Un article assez vieux ( 17 février 2005 ) de The Economist à propos des MBA et des Business Schools “Business schools stand accused of being responsible for much that is wrong with corporate management today”
But just as the market value of an MBA is reviving, its academic credibility is being attacked. In a forthcoming article to be published posthumously in Academy of Management Learning & Education, Sumantra Ghoshal argues that many of the “worst excesses of recent management practices have their roots in a set of ideas that have emerged from business-school academics over the last 30 years.”
Mr Ghoshal believed that the desire of business schools to make the study of business a science, “a kind of physics”, has led them increasingly to base their management theories on some of the more dismal assumptions and techniques developed by economists, particularly by the “Chicago School” and its intellectual leader, Milton Friedman.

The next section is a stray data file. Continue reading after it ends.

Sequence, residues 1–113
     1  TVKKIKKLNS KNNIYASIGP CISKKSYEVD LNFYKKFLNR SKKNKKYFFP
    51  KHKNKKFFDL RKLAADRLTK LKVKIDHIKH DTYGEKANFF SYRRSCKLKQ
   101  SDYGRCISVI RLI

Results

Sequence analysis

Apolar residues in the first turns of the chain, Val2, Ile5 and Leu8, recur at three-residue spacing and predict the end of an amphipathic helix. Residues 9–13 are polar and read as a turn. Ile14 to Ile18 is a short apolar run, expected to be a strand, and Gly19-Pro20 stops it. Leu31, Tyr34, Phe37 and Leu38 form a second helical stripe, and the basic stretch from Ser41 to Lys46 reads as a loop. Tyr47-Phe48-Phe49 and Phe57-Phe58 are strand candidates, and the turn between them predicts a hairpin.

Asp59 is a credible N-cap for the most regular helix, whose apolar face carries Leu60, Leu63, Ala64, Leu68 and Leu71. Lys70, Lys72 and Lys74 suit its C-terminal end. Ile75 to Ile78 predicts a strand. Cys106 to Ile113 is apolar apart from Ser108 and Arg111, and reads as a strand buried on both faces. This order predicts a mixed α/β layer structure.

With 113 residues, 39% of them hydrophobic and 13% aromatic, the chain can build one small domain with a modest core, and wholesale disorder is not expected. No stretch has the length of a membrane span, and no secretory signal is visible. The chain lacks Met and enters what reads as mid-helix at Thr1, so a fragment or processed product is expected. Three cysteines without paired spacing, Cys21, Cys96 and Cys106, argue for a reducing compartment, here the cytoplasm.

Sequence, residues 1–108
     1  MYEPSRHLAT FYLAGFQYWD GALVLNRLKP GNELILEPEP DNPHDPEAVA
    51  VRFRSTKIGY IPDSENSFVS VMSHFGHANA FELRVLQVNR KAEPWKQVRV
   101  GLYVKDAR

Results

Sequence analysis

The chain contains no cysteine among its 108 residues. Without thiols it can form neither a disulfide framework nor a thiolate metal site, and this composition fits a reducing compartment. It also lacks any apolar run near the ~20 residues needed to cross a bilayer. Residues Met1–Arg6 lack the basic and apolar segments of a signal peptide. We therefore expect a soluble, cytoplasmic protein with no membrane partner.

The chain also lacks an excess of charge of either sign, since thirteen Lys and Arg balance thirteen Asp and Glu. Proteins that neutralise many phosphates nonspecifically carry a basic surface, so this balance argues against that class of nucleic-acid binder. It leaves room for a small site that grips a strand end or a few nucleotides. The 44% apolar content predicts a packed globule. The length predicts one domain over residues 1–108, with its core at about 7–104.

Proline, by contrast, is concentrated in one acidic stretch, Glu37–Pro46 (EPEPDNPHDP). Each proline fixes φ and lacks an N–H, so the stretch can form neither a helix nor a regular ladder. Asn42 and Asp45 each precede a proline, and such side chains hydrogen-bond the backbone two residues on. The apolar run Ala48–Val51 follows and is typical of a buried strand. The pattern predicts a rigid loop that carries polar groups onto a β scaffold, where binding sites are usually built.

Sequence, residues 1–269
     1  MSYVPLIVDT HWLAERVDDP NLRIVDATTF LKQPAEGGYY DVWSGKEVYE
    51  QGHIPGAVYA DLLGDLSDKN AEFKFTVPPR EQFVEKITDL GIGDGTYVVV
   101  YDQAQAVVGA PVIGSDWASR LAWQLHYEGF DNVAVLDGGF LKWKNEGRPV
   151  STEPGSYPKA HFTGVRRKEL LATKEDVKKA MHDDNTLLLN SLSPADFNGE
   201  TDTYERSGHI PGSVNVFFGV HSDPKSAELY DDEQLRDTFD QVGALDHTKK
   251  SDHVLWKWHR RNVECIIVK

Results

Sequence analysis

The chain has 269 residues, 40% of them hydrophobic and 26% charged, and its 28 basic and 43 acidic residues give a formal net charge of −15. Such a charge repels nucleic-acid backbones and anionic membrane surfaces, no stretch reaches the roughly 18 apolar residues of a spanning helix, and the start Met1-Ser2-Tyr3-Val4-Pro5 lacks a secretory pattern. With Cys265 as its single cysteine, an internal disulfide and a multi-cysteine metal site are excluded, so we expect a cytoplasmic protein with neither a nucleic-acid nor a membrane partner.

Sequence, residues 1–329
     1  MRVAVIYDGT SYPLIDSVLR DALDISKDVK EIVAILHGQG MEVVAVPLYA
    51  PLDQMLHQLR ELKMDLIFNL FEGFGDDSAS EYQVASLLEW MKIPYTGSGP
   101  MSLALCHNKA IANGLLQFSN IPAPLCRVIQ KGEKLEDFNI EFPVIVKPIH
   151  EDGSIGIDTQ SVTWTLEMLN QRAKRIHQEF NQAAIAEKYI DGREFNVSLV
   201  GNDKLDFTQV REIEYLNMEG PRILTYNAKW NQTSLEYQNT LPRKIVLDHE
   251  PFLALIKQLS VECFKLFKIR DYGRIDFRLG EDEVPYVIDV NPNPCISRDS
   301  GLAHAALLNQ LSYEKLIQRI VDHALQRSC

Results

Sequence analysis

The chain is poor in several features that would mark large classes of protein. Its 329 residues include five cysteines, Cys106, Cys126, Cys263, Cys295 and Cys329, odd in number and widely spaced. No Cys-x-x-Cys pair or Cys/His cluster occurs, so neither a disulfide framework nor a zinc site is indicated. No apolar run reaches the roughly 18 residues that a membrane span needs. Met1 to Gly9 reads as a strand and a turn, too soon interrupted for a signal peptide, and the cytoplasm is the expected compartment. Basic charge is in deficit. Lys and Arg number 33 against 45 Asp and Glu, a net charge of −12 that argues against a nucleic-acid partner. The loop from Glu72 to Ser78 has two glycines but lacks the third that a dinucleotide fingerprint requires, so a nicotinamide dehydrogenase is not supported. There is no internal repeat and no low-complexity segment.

A particularly worrying feature of these theories, says Mr Ghoshal, is that they have no “role for human intentionality or choice”. And not only do such theories falsely claim to be scientific, teaching them can make them self-fulfilling. Business-school students learn that managers cannot be trusted—so when they become managers their behaviour is of the untrustworthy sort. Students have been freed “from any sense of moral responsibility”. Hence scandals such as those at Enron, where business-school educated executives were prominent. And hence, perhaps, future Enrons yet to be created by this year’s much-in-demand crop of MBAs.